A Volunteer Manager interviews new volunteers to learn about their areas of interest, their skills, and any special needs they may have. Unsurprisingly, a recommendation from a volunteer taking part in the project is one of its most powerful tools in sustaining this growing community of photographers and cataloguers.
There are typically four volunteers working the camera in each shift – two handling and positioning the objects, one focusing and releasing the shutter, and another quality checking images as they appear in Capture One. The remaining volunteers prioritize material, transcribe metadata, and research copyright
The studio set up
- XF IQ3 80MP
- XF IQ3 100MP
- Capture One CH
- Kaiser copy stands and Rosco LitePad LED lights
- Kaiser light box for transmissive material
The project captures at least 1,000 images per camera per day (around 500 per three-hour shift). The recent addition of a second camera, coinciding with a move to a new studio space, will double the production throughput. The team is currently raising funds to purchase a third camera in order to start work concurrently on the glass negative collections. This is a very scalable set up for large-scale digitization, both regarding the equipment and the volunteer base.
For a project of this scale, and working with images of outstanding cultural importance, it was clear that we needed camera systems and software that would be fast and reliable, yet deliver a quality that reflects the original prints and negatives
Capture One CH
“Once they are cropped and straightened in Capture One, we don’t retouch our images. We use Capture One’s recipes to create the TIFF and Kakadu to convert them to JPEG2000, our archival format.”
Faye, Digitization Manager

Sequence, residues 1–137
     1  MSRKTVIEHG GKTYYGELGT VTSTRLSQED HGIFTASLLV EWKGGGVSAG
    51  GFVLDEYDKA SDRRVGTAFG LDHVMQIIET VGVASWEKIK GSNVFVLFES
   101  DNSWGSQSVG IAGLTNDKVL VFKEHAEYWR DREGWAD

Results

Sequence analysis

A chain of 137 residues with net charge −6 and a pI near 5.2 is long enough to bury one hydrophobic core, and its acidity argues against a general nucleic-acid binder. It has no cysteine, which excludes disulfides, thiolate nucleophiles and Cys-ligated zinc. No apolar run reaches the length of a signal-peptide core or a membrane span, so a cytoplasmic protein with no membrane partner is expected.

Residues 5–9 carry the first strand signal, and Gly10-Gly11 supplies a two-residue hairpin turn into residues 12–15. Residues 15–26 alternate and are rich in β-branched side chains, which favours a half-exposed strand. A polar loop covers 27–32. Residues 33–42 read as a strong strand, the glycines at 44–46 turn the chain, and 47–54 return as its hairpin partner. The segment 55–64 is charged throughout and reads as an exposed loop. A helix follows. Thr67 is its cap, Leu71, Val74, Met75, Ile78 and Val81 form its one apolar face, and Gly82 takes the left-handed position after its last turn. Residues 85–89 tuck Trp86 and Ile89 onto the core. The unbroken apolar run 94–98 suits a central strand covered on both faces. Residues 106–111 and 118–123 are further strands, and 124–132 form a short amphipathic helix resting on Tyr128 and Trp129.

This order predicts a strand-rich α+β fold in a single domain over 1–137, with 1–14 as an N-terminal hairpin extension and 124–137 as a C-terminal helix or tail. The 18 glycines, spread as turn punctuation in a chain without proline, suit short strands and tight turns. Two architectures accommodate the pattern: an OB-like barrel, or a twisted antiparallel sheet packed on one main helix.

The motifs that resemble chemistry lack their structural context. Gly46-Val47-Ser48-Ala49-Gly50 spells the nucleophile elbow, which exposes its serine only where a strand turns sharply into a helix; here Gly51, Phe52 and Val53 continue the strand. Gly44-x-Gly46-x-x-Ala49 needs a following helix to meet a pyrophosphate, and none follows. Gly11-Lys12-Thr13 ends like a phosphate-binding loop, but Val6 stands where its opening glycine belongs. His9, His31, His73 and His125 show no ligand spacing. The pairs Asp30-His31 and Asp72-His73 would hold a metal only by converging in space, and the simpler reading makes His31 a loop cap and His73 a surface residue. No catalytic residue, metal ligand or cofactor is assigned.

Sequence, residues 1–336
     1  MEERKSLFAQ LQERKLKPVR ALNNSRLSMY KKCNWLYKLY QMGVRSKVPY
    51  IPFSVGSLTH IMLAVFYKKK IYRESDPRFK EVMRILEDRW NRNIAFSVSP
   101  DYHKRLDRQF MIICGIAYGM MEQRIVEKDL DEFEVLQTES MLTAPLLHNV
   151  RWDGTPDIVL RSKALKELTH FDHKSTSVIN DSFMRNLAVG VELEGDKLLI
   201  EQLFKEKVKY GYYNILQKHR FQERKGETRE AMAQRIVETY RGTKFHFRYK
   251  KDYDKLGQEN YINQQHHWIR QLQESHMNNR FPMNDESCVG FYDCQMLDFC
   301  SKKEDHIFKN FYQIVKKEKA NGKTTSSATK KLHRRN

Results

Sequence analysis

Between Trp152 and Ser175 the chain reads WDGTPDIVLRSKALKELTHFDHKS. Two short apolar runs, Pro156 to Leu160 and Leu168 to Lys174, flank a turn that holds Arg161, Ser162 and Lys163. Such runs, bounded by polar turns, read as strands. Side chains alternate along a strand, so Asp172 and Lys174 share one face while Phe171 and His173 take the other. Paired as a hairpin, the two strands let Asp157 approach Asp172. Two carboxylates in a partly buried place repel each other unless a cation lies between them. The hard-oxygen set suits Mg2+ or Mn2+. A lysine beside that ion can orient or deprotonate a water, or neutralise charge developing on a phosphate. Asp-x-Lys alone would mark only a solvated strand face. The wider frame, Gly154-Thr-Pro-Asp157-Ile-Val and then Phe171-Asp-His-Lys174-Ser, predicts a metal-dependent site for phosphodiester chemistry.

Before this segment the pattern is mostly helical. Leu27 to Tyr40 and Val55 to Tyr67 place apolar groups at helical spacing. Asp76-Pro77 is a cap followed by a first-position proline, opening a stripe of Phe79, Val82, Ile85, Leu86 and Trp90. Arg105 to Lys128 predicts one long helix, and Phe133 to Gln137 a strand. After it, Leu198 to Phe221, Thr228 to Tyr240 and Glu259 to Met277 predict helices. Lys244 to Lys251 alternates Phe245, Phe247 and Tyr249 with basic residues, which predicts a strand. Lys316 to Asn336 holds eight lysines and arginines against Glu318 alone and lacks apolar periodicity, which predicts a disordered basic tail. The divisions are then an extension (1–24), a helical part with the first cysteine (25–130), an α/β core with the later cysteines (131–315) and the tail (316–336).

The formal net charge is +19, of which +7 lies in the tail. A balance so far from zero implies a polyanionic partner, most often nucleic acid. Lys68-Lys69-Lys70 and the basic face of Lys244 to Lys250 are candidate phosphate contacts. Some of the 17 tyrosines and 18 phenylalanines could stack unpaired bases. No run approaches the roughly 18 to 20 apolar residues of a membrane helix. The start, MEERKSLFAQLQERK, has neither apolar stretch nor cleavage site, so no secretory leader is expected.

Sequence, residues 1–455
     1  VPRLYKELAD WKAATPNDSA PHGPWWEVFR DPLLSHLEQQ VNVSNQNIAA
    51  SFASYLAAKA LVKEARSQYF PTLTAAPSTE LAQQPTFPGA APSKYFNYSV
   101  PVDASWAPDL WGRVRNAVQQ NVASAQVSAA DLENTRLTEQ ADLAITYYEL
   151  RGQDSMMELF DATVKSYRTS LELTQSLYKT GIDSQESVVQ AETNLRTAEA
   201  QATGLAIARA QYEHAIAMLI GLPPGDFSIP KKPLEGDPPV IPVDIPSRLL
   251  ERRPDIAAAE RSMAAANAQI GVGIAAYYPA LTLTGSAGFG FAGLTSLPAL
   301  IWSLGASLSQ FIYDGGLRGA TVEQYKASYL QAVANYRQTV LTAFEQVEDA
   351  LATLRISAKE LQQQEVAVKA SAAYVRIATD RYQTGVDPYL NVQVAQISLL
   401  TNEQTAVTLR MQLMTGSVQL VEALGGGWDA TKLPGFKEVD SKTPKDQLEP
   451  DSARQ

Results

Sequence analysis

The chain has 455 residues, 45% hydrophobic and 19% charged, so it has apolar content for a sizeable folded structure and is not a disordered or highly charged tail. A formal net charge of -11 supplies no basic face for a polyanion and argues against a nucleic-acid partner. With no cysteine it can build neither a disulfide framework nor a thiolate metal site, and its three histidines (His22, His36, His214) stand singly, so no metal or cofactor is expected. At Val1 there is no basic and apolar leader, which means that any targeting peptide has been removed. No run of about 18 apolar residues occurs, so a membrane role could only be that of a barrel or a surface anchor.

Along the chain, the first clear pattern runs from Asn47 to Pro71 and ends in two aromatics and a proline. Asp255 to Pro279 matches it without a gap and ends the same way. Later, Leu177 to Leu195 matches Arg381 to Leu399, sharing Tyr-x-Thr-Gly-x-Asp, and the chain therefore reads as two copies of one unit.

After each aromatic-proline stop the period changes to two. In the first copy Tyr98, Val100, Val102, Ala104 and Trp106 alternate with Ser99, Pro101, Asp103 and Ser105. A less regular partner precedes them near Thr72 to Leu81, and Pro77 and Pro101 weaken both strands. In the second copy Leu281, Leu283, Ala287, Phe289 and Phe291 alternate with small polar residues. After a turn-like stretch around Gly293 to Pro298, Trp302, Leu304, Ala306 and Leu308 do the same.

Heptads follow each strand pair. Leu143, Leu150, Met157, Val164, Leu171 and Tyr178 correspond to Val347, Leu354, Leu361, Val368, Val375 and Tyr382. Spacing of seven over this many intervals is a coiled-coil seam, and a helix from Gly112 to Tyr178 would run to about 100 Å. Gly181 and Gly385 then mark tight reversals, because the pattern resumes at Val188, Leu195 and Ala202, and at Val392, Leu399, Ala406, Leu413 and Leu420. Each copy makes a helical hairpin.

Using Phase One cameras with a highly streamlined Capture One CH workspace allows us to hand over the studio to our team of volunteers with confidence, and achieve a perfect result every time.
Victoria, Digitization Assistant
A view to the future
For every collection, there is a story, and we try to stay within the story. Apart from gains in speed and quality, the project uses photography over scanning to preserve a sense of the physical nature of the original collection. Each image is captured in place on its mount, which library users have often annotated with questions and corrections. The auto crop and auto rotate functions within the Cultural Heritage edition of Capture One mean that valuable time is not taken up in repetitive and potentially inconsistent editing.
The same approach extends to Anthony Kersting’s archive, where negatives and their corresponding (and often multiple) prints will be digitized alongside each other for comparison, along with the relevant pages from his hand-written ledger books. The team feels that it’s important not to preclude any future research into Kersting’s working methods alongside the subjects he depicted. Likewise, glass plates are captured and cropped just outside the margin of the negative to create a digital surrogate that honors, as far as possible, the analog process by which it was created.
This project is planned to take 4 years. But with the archiving infrastructure, studios and volunteer program in place, and scalability an option, who knows where the future will take us.